92.) Fucked Up - The Chemistry of Common Life (2008)
Based solely on their name it's pretty clear that Fucked Up aren't necessarily looking to become a household name, but who says they shouldn't be?
On the surface, it seems easy to describe the music of Fucked Up. It's hardcore. Pure and simple. Except it's not. Fucked Up are loud, for sure, but they're also terrific composers and musicians who add layers upon layers of guitar track over each song - not unlike the way Johnny Marr used to do in the Smiths - and though lead singer Pink Eyes doesn't really sing at all, his howl is undeniably powerful.
The Chemistry of Common Life was released on Matador and scored high on pitchfork's hipster scale almost in spite of itself. It's as if Fucked Up are saying "Come on. We dare you to like it." But you want to know a secret? It's far from being an impossible task...yes the lyrics are at times indecipherable - but take a look at them, they're smart, deep and spiritual- and the music often comes at you at 100 miles per hour all while threatening to spit you out all over the road, but when you strip all that away The Chemistry of Common Life is actually a pretty catchy record, even if they'd probably kill me for saying so.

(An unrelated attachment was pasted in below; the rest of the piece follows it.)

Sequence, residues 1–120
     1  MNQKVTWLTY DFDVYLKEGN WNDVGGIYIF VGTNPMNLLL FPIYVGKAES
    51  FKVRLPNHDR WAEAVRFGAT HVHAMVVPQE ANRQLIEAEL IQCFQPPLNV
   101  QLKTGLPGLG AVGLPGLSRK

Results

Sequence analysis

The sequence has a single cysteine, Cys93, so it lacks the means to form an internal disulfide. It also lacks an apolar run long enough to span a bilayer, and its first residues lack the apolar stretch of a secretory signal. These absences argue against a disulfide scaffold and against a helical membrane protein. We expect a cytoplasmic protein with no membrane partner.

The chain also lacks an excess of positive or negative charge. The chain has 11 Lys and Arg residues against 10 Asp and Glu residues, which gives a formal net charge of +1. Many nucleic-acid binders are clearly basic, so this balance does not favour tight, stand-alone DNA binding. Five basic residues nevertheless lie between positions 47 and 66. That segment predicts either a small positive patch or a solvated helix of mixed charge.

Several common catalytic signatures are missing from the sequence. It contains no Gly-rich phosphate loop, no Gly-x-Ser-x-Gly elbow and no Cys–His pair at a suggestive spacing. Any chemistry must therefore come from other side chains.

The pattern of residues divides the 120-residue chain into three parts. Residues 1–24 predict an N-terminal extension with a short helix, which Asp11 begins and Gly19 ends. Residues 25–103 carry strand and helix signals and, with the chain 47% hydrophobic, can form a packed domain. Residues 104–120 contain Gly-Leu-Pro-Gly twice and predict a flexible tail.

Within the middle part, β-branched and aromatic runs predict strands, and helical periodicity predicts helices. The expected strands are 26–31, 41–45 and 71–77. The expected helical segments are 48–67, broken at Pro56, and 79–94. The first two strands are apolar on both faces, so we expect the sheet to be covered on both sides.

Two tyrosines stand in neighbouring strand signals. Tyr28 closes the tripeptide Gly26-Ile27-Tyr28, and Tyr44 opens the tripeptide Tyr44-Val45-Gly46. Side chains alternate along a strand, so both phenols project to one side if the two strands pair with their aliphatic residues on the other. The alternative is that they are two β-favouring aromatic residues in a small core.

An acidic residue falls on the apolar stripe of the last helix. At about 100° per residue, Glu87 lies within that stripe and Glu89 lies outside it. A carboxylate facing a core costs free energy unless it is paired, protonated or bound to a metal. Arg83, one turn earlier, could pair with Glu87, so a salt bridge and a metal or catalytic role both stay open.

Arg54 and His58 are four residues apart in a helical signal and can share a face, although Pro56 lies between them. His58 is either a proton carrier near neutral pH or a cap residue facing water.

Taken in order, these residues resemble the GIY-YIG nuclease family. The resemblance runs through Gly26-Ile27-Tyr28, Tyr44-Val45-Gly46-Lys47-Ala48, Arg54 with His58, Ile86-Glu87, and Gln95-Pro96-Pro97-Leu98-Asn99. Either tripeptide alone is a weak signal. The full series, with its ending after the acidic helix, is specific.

"Crooked Head" and "Black Albino Bones" could have been played on radio if there was a different vocalist and the chorus on the epic opening track (incidentally one of the best opening tracks in recent memory) "Son the Father" is virtually impossible to shake.
What's even better about The Chemistry of Common Life is I like it ten times more today than I did three months ago and three months ago I liked it twenty times more than I did the three prior. It's one of those records. It didn't even make my "25 favorite records on 2008" and now it blows away at least half of them. Hindsight, you know?
The Chemistry of Common Life is a tough record to get through the first few times (maybe even the first few dozen) but stick it out. I hate referring to a record as a "grower" because, truth be told, all records are growers but sometimes you're more willing to stick with one over another. Make sure The Chemistry of Common Life lands firmly in that category.
Posted by Pat Driscoll